According to research completed by Automotive Service Group (ASG), the Nissan Leaf is the cleanest vehicle you can buy in the United States.
What makes a vehicle “clean” isn’t based solely on how often you bring it to the detailer. Actually, it has nothing to do with that. Does the “cleanest” vehicle have the best fuel economy, best recycling percentage, or produces the least manufacturing waste? All of the above, really, and more. Sure, fuel economy weighs heavily in the equation, since fuel is the biggest emitter of pollutants over the lifetime of a vehicle, so it kind of makes sense that an electric vehicle, such as the 2014 Nissan Leaf, would be in the running for title of cleanest vehicle in the US.
Still, clean goes much further than fuel economy because, if that was the sole determining factor, the Chevy Spark EV could have taken the title, with the world’s best-fuel-economy electric vehicle powertrain at 119 MPGe (miles per gallon equivalent). ASG surveyed over 1,300 different minimum-four-passenger vehicles, accounting for fuel economy, manufacturing practices, end-of-life recycling, to name a few categories, in a “wildly complex” process.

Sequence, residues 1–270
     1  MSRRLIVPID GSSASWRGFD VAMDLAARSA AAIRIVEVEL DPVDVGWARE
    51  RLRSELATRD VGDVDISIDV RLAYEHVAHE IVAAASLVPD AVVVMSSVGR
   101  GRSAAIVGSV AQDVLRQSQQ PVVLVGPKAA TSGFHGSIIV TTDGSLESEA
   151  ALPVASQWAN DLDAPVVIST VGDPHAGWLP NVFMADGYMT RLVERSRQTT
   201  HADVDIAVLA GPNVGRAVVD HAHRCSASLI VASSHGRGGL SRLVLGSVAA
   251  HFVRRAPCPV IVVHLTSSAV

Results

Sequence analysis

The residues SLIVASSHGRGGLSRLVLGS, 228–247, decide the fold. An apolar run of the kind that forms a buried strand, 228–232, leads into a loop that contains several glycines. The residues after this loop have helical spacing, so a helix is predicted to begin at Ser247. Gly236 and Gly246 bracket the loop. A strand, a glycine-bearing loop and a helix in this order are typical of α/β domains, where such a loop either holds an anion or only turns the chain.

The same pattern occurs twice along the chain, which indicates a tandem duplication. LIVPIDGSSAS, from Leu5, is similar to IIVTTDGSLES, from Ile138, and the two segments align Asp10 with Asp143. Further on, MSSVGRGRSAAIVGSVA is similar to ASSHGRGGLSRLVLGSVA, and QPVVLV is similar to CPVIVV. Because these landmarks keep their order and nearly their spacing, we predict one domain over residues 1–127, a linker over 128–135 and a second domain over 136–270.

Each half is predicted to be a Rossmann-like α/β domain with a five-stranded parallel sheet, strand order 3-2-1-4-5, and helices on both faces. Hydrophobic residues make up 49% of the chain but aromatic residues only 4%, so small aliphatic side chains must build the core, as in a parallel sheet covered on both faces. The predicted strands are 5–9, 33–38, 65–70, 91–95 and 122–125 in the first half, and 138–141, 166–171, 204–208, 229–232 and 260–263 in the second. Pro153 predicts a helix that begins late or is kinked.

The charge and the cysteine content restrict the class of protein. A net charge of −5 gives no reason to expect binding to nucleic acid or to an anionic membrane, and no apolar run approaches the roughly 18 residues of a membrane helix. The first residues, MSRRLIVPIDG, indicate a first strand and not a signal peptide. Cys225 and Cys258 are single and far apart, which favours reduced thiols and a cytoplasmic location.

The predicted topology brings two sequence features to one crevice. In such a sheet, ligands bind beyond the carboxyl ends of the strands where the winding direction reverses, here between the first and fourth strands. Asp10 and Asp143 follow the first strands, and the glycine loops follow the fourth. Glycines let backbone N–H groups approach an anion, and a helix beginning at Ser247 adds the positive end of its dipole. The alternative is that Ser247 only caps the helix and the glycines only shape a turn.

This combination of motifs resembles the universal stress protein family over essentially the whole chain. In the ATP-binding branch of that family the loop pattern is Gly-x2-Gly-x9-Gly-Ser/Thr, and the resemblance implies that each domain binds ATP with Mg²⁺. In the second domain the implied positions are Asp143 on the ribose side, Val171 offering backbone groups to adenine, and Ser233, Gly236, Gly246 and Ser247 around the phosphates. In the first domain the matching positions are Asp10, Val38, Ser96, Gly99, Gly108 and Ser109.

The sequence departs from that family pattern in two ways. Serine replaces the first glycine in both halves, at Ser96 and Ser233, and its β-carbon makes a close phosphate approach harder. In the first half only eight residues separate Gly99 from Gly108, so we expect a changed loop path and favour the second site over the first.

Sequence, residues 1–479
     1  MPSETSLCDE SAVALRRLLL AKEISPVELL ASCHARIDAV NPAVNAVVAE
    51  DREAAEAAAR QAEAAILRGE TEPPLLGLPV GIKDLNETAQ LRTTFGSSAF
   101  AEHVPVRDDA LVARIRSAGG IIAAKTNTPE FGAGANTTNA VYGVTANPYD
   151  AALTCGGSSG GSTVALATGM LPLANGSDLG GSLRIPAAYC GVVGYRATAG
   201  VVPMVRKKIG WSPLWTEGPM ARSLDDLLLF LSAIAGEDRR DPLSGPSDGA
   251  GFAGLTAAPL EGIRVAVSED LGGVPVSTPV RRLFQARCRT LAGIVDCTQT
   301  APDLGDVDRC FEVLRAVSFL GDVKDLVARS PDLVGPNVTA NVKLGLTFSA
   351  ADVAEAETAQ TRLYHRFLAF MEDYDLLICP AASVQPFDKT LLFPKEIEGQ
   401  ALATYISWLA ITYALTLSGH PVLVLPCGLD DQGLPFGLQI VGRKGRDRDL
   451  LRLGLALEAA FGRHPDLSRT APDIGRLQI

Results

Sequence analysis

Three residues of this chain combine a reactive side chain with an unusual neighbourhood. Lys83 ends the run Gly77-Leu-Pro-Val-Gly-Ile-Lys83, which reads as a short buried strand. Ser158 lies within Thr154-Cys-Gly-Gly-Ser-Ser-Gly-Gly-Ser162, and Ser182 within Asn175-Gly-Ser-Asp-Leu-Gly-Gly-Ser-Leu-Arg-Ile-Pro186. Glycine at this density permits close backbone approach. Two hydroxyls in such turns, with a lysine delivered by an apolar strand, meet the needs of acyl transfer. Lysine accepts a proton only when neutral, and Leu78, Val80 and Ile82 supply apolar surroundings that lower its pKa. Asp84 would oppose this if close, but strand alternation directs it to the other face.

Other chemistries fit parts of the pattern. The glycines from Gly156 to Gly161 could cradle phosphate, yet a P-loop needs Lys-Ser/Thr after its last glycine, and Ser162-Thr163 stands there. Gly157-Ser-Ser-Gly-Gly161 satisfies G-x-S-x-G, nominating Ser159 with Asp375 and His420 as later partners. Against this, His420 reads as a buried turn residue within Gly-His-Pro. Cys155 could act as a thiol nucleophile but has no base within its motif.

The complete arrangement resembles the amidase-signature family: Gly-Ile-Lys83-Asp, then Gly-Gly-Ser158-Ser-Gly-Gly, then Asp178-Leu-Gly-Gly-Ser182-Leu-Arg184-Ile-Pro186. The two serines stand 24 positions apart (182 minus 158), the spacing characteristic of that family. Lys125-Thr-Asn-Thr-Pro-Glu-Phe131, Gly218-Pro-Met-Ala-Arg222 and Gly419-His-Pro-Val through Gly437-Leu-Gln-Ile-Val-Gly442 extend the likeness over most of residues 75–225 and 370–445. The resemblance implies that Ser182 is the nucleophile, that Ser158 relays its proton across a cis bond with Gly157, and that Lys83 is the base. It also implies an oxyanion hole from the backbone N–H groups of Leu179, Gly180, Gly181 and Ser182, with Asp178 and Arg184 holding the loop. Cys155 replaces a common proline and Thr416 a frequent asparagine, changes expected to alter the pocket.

ASG found that the 214 Nissan Leaf to have the smallest environmental footprint of any minimum-four-passenger, which is encouraging, because the Nissan Leaf is also the world’s best-selling electric vehicle. For conventional vehicles, the 2014 Mitsubishi Mirage took the top spot for smallest environmental footprint. As far as smallest financial footprint, the Chevy Spark EV was found to have the smallest overall ownership and running costs of the fleet, not to mention that it happens to have the best electric vehicle fuel economy on the planet. I wonder if Toyota Prius c, ACEEE’s (American Council for an Energy Efficient Economy) “greenest vehicle” owners have anything to say about this.